Leadership Lessons of Dr. Martin Luther King, Jr.Posted in Featured, Social Justice, Speeches
Delivered at the Museum of African American History Detroit, Michigan
Martin Luther King, Jr Day, January 15, 2007
“I had decided that I would not sit back and watch but should lead them back to the buses myself.” MLK, Jr.
More than ever in our society and world today, we need leaders who possess compassion, courage and wisdom. We need leaders with moral conscience, moral vision and moral courage; men and women of every husk and hue and every rank and range who are willing to take positive action to effect positive change. We need people willing to study to show themselves approved, willing to speak truth to power and place the interests of their constituents and communities above all most if not all unreasonable self interest.
Needed more than ever in our world today are leaders who selflessly work towards establishing common ground within the family of man; men and women adept at removing all existing barriers by building bridges of dialogue, mutual understanding and community among all people. It is this type of leadership excellence exemplified by the Reverend Martin Luther King. Jr., that we so desperately need today on the local and national levels.
Let me say there are many competent and faithful leaders working both nationally and locally who care about their communities. We see some of them in politics and government. We see some of them in the church. We see some of them in industry, education and other areas of life. Some leaders are household names and others not. Some work publically. Others work privately. Some work nationally. Others work locally, but all leadership, like all politics, is ultimately local. Leadership in local communities provides the infrastructure and foundation for leadership on the national level. Leadership on the national level should reinforce the values and concerns of local leadership.
Martin Luther King was a great national leader but would not have been able to accomplish his objectives without the efforts of local, grassroots, indigenous leaders who cared for their communities, stood and fought for justice and labored long and hard beside him in the struggle for human freedom. Reverend Fred Shuttlesworth, Rufus J. Young, Abraham Lincoln Woods are to name a few.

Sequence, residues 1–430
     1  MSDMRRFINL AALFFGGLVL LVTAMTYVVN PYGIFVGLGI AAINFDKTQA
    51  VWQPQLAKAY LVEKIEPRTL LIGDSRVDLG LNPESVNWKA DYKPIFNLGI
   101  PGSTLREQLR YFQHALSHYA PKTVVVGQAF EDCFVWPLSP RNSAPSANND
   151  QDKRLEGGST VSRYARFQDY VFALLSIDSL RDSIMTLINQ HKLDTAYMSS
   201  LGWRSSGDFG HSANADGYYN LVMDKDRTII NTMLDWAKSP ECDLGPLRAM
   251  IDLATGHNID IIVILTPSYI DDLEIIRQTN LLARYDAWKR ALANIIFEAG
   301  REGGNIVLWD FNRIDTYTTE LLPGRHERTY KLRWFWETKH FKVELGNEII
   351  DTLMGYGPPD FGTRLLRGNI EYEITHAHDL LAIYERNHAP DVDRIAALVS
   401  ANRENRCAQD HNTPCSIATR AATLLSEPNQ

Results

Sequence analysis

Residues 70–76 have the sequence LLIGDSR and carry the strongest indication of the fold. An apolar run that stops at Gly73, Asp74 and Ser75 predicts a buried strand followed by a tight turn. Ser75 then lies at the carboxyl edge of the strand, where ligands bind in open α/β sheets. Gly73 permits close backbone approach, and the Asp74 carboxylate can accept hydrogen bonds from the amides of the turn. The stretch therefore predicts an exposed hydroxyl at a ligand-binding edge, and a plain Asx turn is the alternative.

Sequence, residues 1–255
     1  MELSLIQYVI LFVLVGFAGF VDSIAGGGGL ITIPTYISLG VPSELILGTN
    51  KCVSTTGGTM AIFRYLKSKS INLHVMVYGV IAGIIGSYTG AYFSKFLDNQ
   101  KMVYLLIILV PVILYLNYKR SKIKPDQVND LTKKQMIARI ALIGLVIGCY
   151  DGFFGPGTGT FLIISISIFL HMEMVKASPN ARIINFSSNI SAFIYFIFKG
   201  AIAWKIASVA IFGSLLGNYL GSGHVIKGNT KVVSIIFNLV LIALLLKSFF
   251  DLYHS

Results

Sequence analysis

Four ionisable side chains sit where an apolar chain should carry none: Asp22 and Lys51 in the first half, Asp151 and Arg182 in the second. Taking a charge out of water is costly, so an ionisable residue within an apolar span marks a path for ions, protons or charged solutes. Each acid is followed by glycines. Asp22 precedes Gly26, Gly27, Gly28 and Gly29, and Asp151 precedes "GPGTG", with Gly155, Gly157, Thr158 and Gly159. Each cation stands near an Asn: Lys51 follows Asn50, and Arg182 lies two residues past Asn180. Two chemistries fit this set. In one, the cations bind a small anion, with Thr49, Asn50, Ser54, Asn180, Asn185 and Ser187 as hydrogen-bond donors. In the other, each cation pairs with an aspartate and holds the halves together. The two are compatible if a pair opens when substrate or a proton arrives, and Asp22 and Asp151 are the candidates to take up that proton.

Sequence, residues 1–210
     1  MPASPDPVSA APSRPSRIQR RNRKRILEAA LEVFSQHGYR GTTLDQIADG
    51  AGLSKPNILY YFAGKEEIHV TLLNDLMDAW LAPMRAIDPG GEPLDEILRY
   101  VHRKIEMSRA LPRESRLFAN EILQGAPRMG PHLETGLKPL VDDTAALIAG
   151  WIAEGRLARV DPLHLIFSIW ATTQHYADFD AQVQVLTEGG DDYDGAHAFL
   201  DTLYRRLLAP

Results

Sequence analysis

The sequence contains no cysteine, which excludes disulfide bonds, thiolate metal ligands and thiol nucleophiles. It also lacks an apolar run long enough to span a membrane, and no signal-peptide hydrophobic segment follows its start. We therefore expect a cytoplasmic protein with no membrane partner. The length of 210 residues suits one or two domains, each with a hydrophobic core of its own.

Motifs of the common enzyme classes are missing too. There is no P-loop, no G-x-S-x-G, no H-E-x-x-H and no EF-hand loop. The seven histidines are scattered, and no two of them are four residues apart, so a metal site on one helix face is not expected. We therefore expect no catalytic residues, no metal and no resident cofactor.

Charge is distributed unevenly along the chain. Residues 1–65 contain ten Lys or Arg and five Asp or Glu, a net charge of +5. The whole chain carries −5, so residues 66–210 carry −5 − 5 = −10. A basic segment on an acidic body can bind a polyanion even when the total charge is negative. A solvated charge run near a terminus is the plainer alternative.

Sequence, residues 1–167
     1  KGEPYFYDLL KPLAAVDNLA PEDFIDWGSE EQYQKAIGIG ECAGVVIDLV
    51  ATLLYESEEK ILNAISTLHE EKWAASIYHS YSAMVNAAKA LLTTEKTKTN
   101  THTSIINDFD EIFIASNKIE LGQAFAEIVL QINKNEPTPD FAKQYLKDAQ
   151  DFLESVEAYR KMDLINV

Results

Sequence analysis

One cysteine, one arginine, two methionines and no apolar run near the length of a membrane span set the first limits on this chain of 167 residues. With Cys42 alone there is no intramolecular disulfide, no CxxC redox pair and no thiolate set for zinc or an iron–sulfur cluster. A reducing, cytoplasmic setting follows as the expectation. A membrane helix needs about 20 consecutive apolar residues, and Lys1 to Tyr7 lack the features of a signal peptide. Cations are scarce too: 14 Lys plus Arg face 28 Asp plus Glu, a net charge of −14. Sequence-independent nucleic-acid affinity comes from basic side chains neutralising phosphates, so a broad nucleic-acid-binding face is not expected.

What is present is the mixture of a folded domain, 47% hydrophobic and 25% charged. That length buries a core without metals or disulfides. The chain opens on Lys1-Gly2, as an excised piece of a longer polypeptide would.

America has no shortage of leaders, but what we need are leaders with moral integrity; people who possess the temerity and holy boldness to stem the tsunami of moral crisis engulfing our land by giving selfless quality service to the people they are called to serve.
Unfortunately, our society and world has a crisis of moral leadership, for we need leaders with moral courage who are willing to serve the people and do what is right seem to be at a premium. Leaders with moral vision who understand the sensitivities, sensibilities of the people, and who have common sense to lead the nation to higher moral ground seem to be in short supply. Leaders with moral integrity are essential to vital communities. This does not mean men and women who are always morally perfect who don’t make mistakes through omission or commission, but who have a perfect commitment to the moral uplift and transformation of the people. They are men and women who keep at the forefront of their consciences the larger moral purpose to which they are called. Dr. King exemplified these qualities.
We have observed the last six years under the current administration in Washington a paradigm shift in presidential leadership; a change in the style of governing that amounts to what Paul Krugman called in a recent New York Times op ed article “Quagmire of the Vanities”, a title reminiscent of Thomas Wolfes’ Bonfire of the Vanities. What we have according to Krugman is a leader who is not able to own up to mistakes; a person that surrounds himself with people who tell the President what he wants to hear rather than what he needs to know, a leader who punishes people who disagree with him and rewards people who play to his vanity.
Because moral leadership from the oval office often sets the tone for leadership in other parts of our country, the recent escalation of moral malaise and atrophy in our society may have precipitated our current crisis. We live in an era where some political or governmental leaders are unable and unwilling to wield the kind of moral authority and moral courage that reinforces the integrity of balancing power, fails to punishes wrong doing, and is remiss in holding accountable political, corporate and even religious colleagues who often grossly violate the ethics of office. The current moral crisis enveloping our nation has virtually lead to a constitutional crisis in our representative democracy which may be ostensibly attributed to the absence of moral courage which translates into a failure of leadership.
It is in this ethos of leadership crisis that we see the slow subversion of democracy through various abuses of power; a nation lead into war under dubious and questionable circumstances and the continuation of that war by any means. It is in this atmosphere that we have had stalemate and gridlock in Congress; cronyism and corruption running amok and rampant, the needs of the middle class undermined in favor of Corporate and special interests, and civil liberties and freedoms, long a hallmark of our constitutional republic, virtually revoked in the wake of 9/11.